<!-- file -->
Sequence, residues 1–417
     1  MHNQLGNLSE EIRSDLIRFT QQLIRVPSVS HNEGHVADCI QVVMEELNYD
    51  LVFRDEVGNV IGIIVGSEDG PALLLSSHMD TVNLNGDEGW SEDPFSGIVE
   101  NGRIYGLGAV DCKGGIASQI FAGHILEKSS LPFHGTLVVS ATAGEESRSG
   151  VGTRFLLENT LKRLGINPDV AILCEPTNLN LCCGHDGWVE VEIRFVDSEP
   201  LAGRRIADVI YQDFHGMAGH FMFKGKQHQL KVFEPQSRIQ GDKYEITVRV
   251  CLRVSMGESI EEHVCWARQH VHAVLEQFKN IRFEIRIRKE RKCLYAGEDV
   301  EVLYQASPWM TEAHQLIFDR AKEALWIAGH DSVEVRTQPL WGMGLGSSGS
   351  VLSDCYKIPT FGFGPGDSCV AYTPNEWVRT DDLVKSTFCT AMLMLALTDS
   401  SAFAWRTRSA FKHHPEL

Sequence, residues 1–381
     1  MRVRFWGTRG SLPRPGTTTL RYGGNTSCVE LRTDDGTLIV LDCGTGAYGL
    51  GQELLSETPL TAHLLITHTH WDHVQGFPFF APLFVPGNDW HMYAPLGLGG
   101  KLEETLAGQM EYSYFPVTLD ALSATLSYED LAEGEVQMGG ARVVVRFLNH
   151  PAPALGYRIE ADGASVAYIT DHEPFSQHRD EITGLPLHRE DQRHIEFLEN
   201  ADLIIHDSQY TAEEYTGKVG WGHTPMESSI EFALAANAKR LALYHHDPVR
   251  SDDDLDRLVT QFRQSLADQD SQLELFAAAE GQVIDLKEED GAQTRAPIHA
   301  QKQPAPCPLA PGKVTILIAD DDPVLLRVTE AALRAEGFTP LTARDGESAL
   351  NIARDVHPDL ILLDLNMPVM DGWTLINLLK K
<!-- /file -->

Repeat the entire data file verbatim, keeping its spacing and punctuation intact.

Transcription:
Sequence, residues 1–417
     1  MHNQLGNLSE EIRSDLIRFT QQLIRVPSVS HNEGHVADCI QVVMEELNYD
    51  LVFRDEVGNV IGIIVGSEDG PALLLSSHMD TVNLNGDEGW SEDPFSGIVE
   101  NGRIYGLGAV DCKGGIASQI FAGHILEKSS LPFHGTLVVS ATAGEESRSG
   151  VGTRFLLENT LKRLGINPDV AILCEPTNLN LCCGHDGWVE VEIRFVDSEP
   201  LAGRRIADVI YQDFHGMAGH FMFKGKQHQL KVFEPQSRIQ GDKYEITVRV
   251  CLRVSMGESI EEHVCWARQH VHAVLEQFKN IRFEIRIRKE RKCLYAGEDV
   301  EVLYQASPWM TEAHQLIFDR AKEALWIAGH DSVEVRTQPL WGMGLGSSGS
   351  VLSDCYKIPT FGFGPGDSCV AYTPNEWVRT DDLVKSTFCT AMLMLALTDS
   401  SAFAWRTRSA FKHHPEL

Sequence, residues 1–381
     1  MRVRFWGTRG SLPRPGTTTL RYGGNTSCVE LRTDDGTLIV LDCGTGAYGL
    51  GQELLSETPL TAHLLITHTH WDHVQGFPFF APLFVPGNDW HMYAPLGLGG
   101  KLEETLAGQM EYSYFPVTLD ALSATLSYED LAEGEVQMGG ARVVVRFLNH
   151  PAPALGYRIE ADGASVAYIT DHEPFSQHRD EITGLPLHRE DQRHIEFLEN
   201  ADLIIHDSQY TAEEYTGKVG WGHTPMESSI EFALAANAKR LALYHHDPVR
   251  SDDDLDRLVT QFRQSLADQD SQLELFAAAE GQVIDLKEED GAQTRAPIHA
   301  QKQPAPCPLA PGKVTILIAD DDPVLLRVTE AALRAEGFTP LTARDGESAL
   351  NIARDVHPDL ILLDLNMPVM DGWTLINLLK K